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Reverend James W.C. Pennington,
the first African American graduate of the Yale Divinity School (YDS).

As Black History Month 2024 winds to a close, new stories of our ancestors overcoming seemingly insurmountable odds continue to emerge. For Tawanda Johnson-Gray, an Arizona woman and history maker in her own right, Black excellence, achievement, and perseverance are in her DNA. She is grateful for a family lineage of activism, civil rights, and social justice that, after many years, resulted in righting a long overdue wrong. 


In September 2023, Johnson-Gray attended a ceremony to honor her fourth great-grandfather, Reverend James W.C. Pennington, who was posthumously conferred the M.A. Privatim degree as the first African American graduate of the Yale Divinity School (YDS).


On January 15, 1807, precisely 101 years before the founding of Alpha Kappa Alpha Sorority, Incorporated, of which Johnson-Gray is an active member, Reverend Pennington was born into enslavement in Maryland. As a young man, he risked life and limb for the promise of liberty away from the slave-holding state. Unfortunately though, he would soon learn that white supremacist ideologies persisted even in the North.

After running for miles to Connecticut and swimming across a river, Reverend Pennington arrived at Yale University with drenched clothes and worn shoes on his body, but dreams of a better life in his mind, and deep religious faith in his heart. Eventually, Reverend Pennington would go on to become a minister, writer, civic leader, orator, activist, and abolitionist. In 1849, he penned his memoir, The Fugitive Blacksmith, chronicling his experiences from enslavement to freedom.

But the road to conferring Reverend Pennington's degree, like his journey to YDS, was not an easy one. In fact, it took many years and the collective efforts of family members, seminarians, activists, and YDS alumni before Reverend Pennington was awarded the recognition that he had rightfully earned nearly two centuries earlier.

According to the Yale Daily News, "On September 14, 2023, Reverend Pennington received his degree from Yale University, 186 years past due. The graduate had long since passed away, but his portrait stood proudly at the back of Battell Chapel. Next to it was a portrait of Reverend Alexander Crummel. The two men attended Yale Divinity School from 1834 to 1837 and 1840 to 1841, respectively, but were prevented from matriculating or graduating because they were Black. At Yale, Pennington was allowed to sit in classes as a 'visitor,' but was not permitted to speak."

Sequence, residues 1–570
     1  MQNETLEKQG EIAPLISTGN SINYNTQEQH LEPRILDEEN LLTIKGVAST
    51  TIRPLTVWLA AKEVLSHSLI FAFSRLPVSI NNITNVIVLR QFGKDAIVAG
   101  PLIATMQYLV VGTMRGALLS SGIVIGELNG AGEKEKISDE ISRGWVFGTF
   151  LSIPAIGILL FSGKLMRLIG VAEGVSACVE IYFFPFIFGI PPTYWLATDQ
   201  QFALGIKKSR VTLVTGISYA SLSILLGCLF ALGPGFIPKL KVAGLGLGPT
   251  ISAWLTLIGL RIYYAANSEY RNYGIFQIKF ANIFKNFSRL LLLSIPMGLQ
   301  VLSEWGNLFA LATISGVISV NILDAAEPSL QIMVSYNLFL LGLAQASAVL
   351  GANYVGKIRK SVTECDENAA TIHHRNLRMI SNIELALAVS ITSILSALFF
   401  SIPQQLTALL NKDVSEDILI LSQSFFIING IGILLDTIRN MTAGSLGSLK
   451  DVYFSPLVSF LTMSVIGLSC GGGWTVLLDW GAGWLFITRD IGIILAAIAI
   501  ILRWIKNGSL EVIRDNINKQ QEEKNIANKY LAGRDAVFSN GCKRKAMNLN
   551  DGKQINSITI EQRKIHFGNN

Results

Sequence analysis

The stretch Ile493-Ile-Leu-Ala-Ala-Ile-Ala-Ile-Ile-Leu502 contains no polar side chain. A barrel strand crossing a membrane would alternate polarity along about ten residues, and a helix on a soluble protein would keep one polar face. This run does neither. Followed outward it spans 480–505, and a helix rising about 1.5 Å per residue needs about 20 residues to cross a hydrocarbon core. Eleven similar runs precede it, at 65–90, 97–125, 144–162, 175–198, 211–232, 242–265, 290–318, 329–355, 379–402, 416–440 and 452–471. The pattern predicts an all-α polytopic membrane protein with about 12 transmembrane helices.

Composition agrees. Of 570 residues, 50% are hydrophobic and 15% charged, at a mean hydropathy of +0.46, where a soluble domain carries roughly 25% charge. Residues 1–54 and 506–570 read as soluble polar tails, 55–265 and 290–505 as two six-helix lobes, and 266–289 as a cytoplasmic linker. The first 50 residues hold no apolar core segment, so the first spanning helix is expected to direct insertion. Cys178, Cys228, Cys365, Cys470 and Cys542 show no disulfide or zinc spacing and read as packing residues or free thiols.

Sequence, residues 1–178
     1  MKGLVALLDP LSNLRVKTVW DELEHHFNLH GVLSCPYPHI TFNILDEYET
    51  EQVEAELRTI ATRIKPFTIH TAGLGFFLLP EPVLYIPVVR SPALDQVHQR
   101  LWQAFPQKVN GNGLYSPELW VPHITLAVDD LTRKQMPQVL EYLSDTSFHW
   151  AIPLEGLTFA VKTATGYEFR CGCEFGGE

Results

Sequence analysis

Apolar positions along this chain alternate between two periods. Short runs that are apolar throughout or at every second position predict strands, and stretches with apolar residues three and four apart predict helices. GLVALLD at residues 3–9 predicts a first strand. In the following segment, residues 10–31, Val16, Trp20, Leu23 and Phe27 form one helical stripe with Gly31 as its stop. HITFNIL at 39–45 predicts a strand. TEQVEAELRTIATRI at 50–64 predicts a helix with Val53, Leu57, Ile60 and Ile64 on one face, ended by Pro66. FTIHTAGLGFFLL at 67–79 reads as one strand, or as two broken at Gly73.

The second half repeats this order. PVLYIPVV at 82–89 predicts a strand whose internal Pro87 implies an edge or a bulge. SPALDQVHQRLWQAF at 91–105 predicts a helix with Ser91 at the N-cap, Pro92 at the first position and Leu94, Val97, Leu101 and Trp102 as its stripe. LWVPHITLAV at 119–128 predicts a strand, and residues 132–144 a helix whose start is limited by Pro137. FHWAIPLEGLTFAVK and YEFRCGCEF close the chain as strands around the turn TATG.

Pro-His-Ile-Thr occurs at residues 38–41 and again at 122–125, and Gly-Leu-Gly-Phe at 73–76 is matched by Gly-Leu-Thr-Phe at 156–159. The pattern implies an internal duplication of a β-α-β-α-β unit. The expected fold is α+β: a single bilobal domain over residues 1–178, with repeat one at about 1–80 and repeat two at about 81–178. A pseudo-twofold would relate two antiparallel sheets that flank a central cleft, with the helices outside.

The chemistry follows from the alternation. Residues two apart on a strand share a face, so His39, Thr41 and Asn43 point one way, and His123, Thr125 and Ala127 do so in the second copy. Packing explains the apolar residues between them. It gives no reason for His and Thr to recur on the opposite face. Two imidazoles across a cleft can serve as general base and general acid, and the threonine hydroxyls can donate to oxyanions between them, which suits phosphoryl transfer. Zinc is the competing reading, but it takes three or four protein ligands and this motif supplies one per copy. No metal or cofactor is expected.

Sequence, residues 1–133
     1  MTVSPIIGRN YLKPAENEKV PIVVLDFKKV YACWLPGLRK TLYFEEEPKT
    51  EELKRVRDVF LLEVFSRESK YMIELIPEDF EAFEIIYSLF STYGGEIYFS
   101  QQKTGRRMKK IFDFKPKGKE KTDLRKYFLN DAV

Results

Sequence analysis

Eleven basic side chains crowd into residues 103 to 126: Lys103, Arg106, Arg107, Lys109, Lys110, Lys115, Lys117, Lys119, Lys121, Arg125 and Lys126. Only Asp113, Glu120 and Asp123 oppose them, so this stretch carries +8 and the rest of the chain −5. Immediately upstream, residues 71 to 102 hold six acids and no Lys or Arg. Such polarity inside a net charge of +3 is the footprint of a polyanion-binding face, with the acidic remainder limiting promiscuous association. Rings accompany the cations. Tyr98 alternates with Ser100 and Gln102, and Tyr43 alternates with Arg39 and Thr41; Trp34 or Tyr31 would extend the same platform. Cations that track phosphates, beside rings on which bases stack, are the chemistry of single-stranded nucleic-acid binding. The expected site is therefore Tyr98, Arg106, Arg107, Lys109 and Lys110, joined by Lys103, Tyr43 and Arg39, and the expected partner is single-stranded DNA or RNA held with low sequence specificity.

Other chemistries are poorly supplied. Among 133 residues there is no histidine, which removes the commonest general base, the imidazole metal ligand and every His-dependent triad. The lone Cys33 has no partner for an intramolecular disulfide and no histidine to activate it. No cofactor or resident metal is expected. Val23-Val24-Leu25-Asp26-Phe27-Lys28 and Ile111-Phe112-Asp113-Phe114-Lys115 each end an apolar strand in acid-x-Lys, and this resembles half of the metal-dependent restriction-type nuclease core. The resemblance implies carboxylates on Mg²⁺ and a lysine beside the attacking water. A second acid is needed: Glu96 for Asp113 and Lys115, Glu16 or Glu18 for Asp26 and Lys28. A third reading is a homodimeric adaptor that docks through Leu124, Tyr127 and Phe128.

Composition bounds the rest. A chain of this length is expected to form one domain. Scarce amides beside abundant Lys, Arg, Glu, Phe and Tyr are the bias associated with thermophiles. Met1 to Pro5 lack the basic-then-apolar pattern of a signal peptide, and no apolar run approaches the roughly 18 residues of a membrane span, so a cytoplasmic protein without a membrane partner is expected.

Today, we can hardly imagine what it must've been like for Reverend Pennington. Although he was literally silenced at Yale, we are encouraged by Reverend Pennington's example to maintain the oral traditions that have been passed down in Black families for generations. Had it not been for Johnson-Gray and her relatives keeping alive Reverend Pennington's story, he might not have ever received the belated recognition from YDS. 


Moreover, we might not have learned that like her fourth great-grandfather, Johnson-Gray is too a writer, civic leader, orator, and activist. In fact, Johnson-Gray, a fervent community servant, is the second vice president of the Alpha Alpha Iota Omega Chapter of Alpha Kappa Alpha Sorority in Maricopa County. She leads the chapter's Connection and Social Action Committee and was recently appointed by Governor Katie Hobbs to serve on the Arizona State Board of Podiatry Examiners.


Yes, Black excellence is, indeed, in Johnson-Gray's DNA. 

Reverend Pennington's image is Courtesy of Yale's Graduate and Professional School Senate (GPSS) 

Johnson-Grays images courtesy of Tawanda Johnson-Gray


For more information about Reverend Pennington's story, please see these articles:


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